As per the recent consolidated FDI policy 2020, FDI means investment through capital instruments by a person resident outside India in an unlisted Indian company. Further, there are two routes through which foreign private investment is allowed in India, the Government route and the Automatic route. In the Government route, a foreign investor needs approval from the Reserve Bank of India (RBI) or the Central Government. For Example, in the Print media industry, only 26% of FDI is allowed through the government route and 46% of FDI is allowed in the broadcasting industry through the government route. Whereas, in the Automatic route, no such approval is required. For example, in the pharmaceutical industry 100% FDI is allowed through an automatic route, telecom services 100% FDI is allowed. Also, there are some sectors that are prohibited from any foreign investment. For example, Atomic Energy, Railways, Lottery, Chit funds, etc.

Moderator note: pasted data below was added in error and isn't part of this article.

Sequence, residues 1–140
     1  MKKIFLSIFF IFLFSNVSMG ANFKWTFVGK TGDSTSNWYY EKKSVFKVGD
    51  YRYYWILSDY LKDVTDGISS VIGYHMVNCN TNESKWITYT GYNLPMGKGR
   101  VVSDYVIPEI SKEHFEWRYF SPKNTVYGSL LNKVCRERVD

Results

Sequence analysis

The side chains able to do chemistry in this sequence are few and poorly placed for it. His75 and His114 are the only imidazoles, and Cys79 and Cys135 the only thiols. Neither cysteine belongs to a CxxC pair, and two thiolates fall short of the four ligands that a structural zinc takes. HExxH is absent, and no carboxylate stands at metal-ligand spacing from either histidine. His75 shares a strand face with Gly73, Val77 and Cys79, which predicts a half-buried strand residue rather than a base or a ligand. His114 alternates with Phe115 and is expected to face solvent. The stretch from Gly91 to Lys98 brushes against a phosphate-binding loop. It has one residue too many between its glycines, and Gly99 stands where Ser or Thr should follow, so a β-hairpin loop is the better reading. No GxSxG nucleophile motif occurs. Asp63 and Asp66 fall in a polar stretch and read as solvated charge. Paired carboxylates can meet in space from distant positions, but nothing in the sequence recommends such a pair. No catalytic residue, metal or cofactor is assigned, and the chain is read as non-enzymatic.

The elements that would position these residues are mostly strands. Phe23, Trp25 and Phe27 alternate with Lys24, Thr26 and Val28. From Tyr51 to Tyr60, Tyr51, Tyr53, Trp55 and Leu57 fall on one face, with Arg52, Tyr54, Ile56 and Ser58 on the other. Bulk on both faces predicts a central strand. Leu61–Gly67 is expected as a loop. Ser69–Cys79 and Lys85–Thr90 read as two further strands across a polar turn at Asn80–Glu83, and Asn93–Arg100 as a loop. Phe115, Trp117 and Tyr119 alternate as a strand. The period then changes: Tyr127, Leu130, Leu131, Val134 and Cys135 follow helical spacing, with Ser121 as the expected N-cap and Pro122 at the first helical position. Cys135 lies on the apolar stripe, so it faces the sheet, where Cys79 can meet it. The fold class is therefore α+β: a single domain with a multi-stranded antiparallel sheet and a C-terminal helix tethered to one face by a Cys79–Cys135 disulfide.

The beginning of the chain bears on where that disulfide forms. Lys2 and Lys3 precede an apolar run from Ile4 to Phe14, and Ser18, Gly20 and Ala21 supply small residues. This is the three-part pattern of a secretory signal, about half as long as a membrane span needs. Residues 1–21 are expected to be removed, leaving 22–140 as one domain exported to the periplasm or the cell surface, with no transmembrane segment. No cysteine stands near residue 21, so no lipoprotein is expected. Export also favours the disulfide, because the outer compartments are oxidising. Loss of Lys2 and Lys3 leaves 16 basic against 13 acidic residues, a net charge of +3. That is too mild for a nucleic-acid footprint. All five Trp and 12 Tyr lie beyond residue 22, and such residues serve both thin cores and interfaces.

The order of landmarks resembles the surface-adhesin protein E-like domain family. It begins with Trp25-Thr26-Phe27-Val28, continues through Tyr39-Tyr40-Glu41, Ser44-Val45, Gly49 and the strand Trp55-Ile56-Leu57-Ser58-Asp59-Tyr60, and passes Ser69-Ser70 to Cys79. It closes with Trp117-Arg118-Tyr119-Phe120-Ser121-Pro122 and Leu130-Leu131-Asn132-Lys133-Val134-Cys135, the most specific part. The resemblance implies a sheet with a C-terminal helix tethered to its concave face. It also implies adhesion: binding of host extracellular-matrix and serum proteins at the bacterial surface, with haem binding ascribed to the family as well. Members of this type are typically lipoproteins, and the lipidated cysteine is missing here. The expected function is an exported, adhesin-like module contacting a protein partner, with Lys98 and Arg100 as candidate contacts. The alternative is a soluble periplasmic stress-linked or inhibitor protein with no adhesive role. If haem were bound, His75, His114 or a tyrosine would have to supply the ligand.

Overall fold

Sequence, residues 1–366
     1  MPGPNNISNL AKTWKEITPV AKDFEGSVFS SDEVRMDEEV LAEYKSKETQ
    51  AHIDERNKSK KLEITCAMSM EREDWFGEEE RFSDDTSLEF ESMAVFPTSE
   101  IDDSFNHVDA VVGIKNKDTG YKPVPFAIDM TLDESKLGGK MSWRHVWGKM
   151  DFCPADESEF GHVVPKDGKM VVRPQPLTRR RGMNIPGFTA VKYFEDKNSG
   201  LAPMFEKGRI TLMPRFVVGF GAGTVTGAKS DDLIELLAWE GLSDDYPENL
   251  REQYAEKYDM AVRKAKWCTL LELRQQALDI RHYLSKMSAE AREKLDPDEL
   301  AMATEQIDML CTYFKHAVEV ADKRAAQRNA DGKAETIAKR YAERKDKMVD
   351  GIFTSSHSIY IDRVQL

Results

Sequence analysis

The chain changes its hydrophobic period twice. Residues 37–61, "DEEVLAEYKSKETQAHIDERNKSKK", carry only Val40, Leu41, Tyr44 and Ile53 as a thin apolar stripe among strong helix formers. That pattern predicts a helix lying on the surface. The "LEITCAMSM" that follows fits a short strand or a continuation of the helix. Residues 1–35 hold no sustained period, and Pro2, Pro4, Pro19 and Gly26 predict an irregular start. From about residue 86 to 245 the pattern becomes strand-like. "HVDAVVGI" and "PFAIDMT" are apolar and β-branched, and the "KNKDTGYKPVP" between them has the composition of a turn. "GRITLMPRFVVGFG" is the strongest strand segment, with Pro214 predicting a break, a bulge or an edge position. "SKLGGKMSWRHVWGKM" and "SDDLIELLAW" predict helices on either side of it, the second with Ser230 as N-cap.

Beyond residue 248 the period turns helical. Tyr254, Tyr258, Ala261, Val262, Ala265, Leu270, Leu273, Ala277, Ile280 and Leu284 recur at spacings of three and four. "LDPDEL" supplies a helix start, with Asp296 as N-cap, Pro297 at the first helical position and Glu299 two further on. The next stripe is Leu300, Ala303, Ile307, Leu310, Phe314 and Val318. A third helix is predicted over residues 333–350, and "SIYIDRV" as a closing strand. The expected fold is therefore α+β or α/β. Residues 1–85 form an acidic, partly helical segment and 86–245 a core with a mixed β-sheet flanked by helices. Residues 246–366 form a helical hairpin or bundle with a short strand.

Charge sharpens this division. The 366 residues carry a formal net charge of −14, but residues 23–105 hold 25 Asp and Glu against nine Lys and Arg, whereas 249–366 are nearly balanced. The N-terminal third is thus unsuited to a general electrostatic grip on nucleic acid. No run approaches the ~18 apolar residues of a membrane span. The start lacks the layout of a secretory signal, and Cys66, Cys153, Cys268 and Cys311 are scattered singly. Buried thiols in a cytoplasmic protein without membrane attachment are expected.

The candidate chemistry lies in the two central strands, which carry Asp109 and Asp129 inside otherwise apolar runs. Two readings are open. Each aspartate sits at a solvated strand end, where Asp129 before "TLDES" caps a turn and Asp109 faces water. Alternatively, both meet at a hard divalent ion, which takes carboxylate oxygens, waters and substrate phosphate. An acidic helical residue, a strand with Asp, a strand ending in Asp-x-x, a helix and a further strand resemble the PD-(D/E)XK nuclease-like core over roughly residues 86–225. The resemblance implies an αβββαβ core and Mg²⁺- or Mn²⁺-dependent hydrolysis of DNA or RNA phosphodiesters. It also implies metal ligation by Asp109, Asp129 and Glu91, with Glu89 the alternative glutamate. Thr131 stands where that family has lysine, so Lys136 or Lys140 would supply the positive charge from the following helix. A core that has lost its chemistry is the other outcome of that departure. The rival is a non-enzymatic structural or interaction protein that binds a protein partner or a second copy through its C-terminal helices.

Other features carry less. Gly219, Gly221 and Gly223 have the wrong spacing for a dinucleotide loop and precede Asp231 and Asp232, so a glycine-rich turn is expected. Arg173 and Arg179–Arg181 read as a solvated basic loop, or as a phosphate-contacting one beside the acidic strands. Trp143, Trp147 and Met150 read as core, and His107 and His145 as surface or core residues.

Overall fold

Foreign Venture Capital 

For a foreign venture capital investor to invest in any VC undertaking in India or VC fund registered under SEBI (Alternate Investment Fund) Regulation, 2012, it has to register itself with the board. 

Further, there are a few mandatory conditions for a foreign VC investor. The Foreign VC investor shall disclose the investment strategy to the board. It shall invest in only one VC fund or AIF. A foreign VC investor must invest 66.67% of investable funds in unlisted equity, the remaining 33.33% can be invested in the IPO of a VC undertaking, debt instrument of a VC undertaking or preferential allotments of equity shares of a listed company.

Further, foreign VC investors are subjected to inspections, which can be initiated on a Suo moto or on receiving any complaint regarding any default by the board. If after the inspection, the foreign VC investor is found with any default then the board may cancel the registration of the foreign VC investor.

Judicial pronouncements 

In India, judicial interventions are usually prolonged and sometimes end with verdicts that do not promote businesses. This is why companies try to avoid all sorts of judicial intervention and try to resolve disputes through outside court resolution. But sometimes disputes end up in courts. In the recent past, Indian courts have given pro-Business decisions. Some of such judgments are discussed below.

Edelweiss Financial Service Ltd. v. Percept Finserve Pvt. Ltd. and Anr.